“Beep, beep, beep. Please be careful with the door…” This is a challenge faced by the parents of one of my students every day. Her son loves the MTR, whether he is playing at home, eating, bathing, walking, at school, or on the bus. The above broadcast is repeated on every occasion, which sometimes makes people think it is cute, but sometimes it makes the mother feel embarrassed.
Talking to oneself is a very common trait in children with autism. Some of them only have confusing pronunciation; some have specific content, but they are often repeated in inappropriate situations. In most cases, they seem to get happier and happier and even become so focused that they ignore the things around them, causing them to miss many opportunities to learn and establish good social relationships. When children focus on talking to themselves, most parents will use both soft and hard tactics.
On the one hand, they will stop the child sternly, and on the other hand, they will patiently explain, such as “This will affect other people,” “It will make people dislike it,” “It needs to be there.” Parents hope that children can understand the truth, focus on learning, and avoid committing the same crime again; sometimes they will take out the children’s favourite toys, candies, etc. to try to distract their attention. Most children will stop when adults tell them to stop, but many times they quickly return to their old ways, or even repeat the same words a few seconds later, which often makes people feel very discouraged.
To more effectively improve children’s self-talk, we must first understand its causes, which can be roughly inferred from when it occurs. There are generally two main reasons.
- First, when children have nothing to do and feel bored or uninterested, they entertain themselves by talking to themselves, just like ordinary people might play with their hair or loop Facebook when they are bored. It’s just that most of our children have narrow interests, weak concentration, and spend more time disguised as boredom. Parents may have questions, “No, there are many fun toys around him, and there are many children playing with him.” But if you look carefully, you will find that the child is no longer looking at the toys or other people, and has long lost interest. , Feeling bored. Sometimes children even talk to themselves to attract the attention of others and let others entertain them because they have received patient explanations from their parents before and even got their favourite toys.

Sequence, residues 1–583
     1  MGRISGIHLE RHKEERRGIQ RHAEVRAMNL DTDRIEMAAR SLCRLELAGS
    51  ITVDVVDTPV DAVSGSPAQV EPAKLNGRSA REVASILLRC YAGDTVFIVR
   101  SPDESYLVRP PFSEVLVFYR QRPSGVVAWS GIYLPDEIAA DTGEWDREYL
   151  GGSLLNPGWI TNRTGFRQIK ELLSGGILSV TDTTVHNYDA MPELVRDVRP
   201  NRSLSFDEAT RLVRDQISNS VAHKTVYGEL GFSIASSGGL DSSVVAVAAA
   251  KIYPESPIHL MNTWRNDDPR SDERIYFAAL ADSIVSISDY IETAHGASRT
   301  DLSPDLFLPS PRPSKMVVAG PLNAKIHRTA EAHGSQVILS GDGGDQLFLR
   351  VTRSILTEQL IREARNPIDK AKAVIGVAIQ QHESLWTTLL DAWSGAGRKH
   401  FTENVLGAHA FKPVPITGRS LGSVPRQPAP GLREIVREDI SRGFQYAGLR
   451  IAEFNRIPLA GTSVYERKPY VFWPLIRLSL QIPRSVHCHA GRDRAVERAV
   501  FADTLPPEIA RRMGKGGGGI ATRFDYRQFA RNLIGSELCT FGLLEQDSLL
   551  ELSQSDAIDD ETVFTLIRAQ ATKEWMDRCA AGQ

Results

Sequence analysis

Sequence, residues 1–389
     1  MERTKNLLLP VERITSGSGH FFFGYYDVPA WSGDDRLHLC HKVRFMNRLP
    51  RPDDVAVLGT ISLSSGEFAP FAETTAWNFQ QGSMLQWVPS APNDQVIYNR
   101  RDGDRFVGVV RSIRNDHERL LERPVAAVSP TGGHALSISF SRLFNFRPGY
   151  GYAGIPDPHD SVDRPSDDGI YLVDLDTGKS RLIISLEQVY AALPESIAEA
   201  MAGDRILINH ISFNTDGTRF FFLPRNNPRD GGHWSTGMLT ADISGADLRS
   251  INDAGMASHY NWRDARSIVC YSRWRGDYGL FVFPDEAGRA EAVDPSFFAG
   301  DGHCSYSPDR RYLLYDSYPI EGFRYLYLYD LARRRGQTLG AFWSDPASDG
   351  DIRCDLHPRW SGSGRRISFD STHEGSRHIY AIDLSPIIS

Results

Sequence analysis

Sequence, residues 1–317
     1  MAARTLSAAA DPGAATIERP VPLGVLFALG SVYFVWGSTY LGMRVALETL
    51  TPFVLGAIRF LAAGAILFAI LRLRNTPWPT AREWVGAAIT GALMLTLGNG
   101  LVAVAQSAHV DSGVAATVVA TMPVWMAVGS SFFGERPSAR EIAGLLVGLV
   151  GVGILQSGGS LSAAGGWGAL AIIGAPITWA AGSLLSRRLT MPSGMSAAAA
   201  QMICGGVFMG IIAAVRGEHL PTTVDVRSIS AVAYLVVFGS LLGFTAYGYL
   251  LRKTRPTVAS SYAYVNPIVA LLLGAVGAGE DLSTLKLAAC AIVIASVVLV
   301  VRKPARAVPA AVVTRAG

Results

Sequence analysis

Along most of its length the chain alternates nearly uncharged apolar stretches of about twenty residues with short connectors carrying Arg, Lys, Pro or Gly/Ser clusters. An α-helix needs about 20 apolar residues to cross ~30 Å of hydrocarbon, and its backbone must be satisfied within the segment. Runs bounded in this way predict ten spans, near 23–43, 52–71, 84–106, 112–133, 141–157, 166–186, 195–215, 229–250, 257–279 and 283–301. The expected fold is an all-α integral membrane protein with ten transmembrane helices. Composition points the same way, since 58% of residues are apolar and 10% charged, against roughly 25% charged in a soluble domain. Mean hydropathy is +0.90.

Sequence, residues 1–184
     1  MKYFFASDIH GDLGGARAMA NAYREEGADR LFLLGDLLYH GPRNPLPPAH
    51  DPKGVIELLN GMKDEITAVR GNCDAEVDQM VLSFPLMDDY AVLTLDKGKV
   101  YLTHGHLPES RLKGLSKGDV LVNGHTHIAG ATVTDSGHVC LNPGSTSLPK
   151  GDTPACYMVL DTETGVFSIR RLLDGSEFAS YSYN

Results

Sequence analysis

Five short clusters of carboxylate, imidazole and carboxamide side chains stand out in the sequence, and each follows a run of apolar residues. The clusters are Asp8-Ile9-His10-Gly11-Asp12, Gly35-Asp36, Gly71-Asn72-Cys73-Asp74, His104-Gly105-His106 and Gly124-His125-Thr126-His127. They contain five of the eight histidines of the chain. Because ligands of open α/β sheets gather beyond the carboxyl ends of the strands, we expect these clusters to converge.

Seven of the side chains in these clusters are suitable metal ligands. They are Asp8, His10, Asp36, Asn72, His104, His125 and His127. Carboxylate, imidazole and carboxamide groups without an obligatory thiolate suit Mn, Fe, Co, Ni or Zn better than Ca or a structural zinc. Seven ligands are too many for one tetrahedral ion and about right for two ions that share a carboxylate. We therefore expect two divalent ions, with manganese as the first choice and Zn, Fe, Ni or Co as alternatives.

- The second is when children have particularly uneasy emotions, such as anger, nervousness, panic and discouragement. They talk to themselves to relieve their uneasy feelings and make themselves feel better.
For the first type of situation, the focus is to reduce his free time. Of course, it is not just about playing or talking with him, but also to teach him to use his boring time meaningfully.
- At home, you can teach them the skills to play with different toys, which can be individual activities, such as Lego, puzzles, painting, and work, or family table games such as Jenga, Snake Chess, and Ludo.
- Parents can also cultivate children’s self-care ability and teach them to take charge of simple household chores at home, such as putting away toys, putting away tableware, putting clothes in the laundry basket, etc. Of course, the best way to get twice the result with half the effort is to start with things that the children are interested in. For example, most children who like to arrange books will like to put away books and return them to the bookshelf; children who like to play with water will like to put the finished dishes into the astrolabe.
- On the street, children can be taught to pay attention to other people and learn the nouns and verbs of different people, places, and objects.
- At school, children can be encouraged to be the teacher’s assistant, responsible for the small responsibilities of handing out books, taking roll calls, and wiping the blackboard; they should also be taught social skills to get along with classmates, such as social games played by classmates during recess, trendy topics, etc.
In the second type of situation, the focus is on enhancing children’s ability to use appropriate emotion management skills more effectively and increasing their tolerance for frustration.
At home or at school, children should be taught and encouraged to take the initiative to express their negative emotions to their families and teachers in words, such as “I’m not happy today!”, “I’m so angry!”, etc., so that others can help in time. It is more suitable for children to soothe their emotions.
Parents can observe more and actively communicate with teachers to understand what kind of difficulties children are particularly likely to be emotional about, so as to strengthen tolerance practice at home.
To sum up, in order to long-term and effectively improve the self-talk of autistic children, we cannot just rely on immediate reminders and stops from people around us, but more importantly, we must strengthen the children’s ability to independently handle their own free time and manage their emotions. Encourage them to develop more diverse interests and activities.
This is a learning process. Although it may take a long time, as long as you persist, you can continue to reduce your self-talk. I hope the information can help everyone.